Who took part?

  • Primary six class at Blackfriars Primary School
  • Members of the Gorbalites 50+ Club
  • Ex residents of the Gorbals

What building did we look at?

Queen Elizabeth tower blocks, Gorbals, Glasgow

Children discuss Gorbals workshop
Video (2m:48s)

Final product

A short film


This workshop reached a wide range of people in the Gorbals community from school children to the elderly. The film produced allowed those who had memories of the Spence building to share their thoughts and for those who were too young to remember the tower blocks to learn more about the history of the building and surrounding area. Students from a local primary school investigated the archive, created their own tower block demolition animation and interviewed ex-residents of the Queen Elizabeth flats. The film making experience allowed those who took part to share memories and discover more about the history of the Gorbals and Spence’s contribution to the area.

"Looking at the old drawings and photos was fun"

(pupil from Blackfriars Primary School)

Learning aims

Gorbalites interview
Video (1m:58s)


  • To create a short film documenting life in a Gorbals tower block
  • To find out what life was like in a 1960s tower block
  • To engage with the planning and design process with a professional film maker
  • To develop an awareness of archive material
  • An opportunity to forge relationships with local community members


  • To create a personal history archive of life in the Spence tower block
  • To take part in creating a short film
  • To share memories and stories with young people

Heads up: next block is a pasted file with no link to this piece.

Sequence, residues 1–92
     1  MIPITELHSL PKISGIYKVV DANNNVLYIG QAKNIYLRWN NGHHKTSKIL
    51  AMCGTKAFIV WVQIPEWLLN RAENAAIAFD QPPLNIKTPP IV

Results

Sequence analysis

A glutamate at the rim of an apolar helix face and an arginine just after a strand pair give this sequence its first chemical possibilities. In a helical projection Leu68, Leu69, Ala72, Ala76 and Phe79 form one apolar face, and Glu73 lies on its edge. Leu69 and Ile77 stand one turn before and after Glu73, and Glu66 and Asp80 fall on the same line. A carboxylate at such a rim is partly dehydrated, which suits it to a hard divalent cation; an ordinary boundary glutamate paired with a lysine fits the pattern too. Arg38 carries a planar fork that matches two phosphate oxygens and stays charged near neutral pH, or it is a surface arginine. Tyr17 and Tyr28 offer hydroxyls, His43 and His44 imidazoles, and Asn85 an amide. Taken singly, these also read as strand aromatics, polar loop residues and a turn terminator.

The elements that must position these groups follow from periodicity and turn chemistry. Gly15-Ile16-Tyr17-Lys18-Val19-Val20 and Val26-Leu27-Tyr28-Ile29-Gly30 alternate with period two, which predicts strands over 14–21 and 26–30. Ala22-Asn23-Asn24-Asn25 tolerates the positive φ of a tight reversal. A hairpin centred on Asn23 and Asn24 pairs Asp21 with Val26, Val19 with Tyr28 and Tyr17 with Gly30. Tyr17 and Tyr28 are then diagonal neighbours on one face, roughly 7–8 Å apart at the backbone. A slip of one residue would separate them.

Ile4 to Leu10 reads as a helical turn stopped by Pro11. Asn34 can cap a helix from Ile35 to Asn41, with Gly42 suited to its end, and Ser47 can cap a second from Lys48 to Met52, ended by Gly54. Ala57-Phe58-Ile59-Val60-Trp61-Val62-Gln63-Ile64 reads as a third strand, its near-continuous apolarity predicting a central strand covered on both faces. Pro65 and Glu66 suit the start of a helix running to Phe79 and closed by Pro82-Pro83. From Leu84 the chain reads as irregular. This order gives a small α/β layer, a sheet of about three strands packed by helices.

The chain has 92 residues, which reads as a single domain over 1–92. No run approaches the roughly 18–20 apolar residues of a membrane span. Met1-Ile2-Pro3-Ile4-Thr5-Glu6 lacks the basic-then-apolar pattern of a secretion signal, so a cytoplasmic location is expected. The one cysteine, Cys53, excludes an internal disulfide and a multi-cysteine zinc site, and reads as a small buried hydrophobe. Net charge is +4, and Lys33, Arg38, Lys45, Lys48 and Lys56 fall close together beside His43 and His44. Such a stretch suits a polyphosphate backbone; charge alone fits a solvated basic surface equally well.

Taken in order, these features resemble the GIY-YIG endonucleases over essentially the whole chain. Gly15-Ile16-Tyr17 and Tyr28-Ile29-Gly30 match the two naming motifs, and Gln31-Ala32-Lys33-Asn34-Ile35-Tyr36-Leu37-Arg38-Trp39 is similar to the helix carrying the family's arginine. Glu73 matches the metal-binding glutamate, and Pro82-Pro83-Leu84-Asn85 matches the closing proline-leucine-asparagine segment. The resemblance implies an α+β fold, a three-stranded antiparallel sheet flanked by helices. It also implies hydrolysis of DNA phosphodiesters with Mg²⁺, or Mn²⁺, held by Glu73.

• To develop an appreciation and greater understanding of archive material

Learning outcomes

Short animation
Video (32s)


  • Practical understanding and experience of how to create a short film
  • Ability to plan and carry out interviews
  • Greater awareness and appreciation of their local environment
  • Understanding of archive material and how to use it
  • Stronger links with local community.


  • Ability to interpret and understand archive material
  • Links with younger members of community
  • Experience of sharing personal experiences with younger age group
  • Experience of contributing material for short film


1. Exploring archive material relating to the Queen Elizabeth tower blocks

As a group, students explored the archive material with the help of an RCAHMS staff member.

"I've learnt some funny stories about life in the tower blocks from people who used to live there"

(pupil from Blackfriars Primary School)

Student drawing of the Queen Elizabeth tower blocks

Student drawing of the
Queen Elizabeth tower blocks

Questions students considered when examining the archive material:

  • What kind of housing did tower blocks such as the Queen Elizabeth block replace?
  • What were the main differences between the new tower blocks and the housing they replaced?
  • What was it like to live in the tower blocks?
  • Why was the building demolished?

This session was very interactive and allowed students to consider: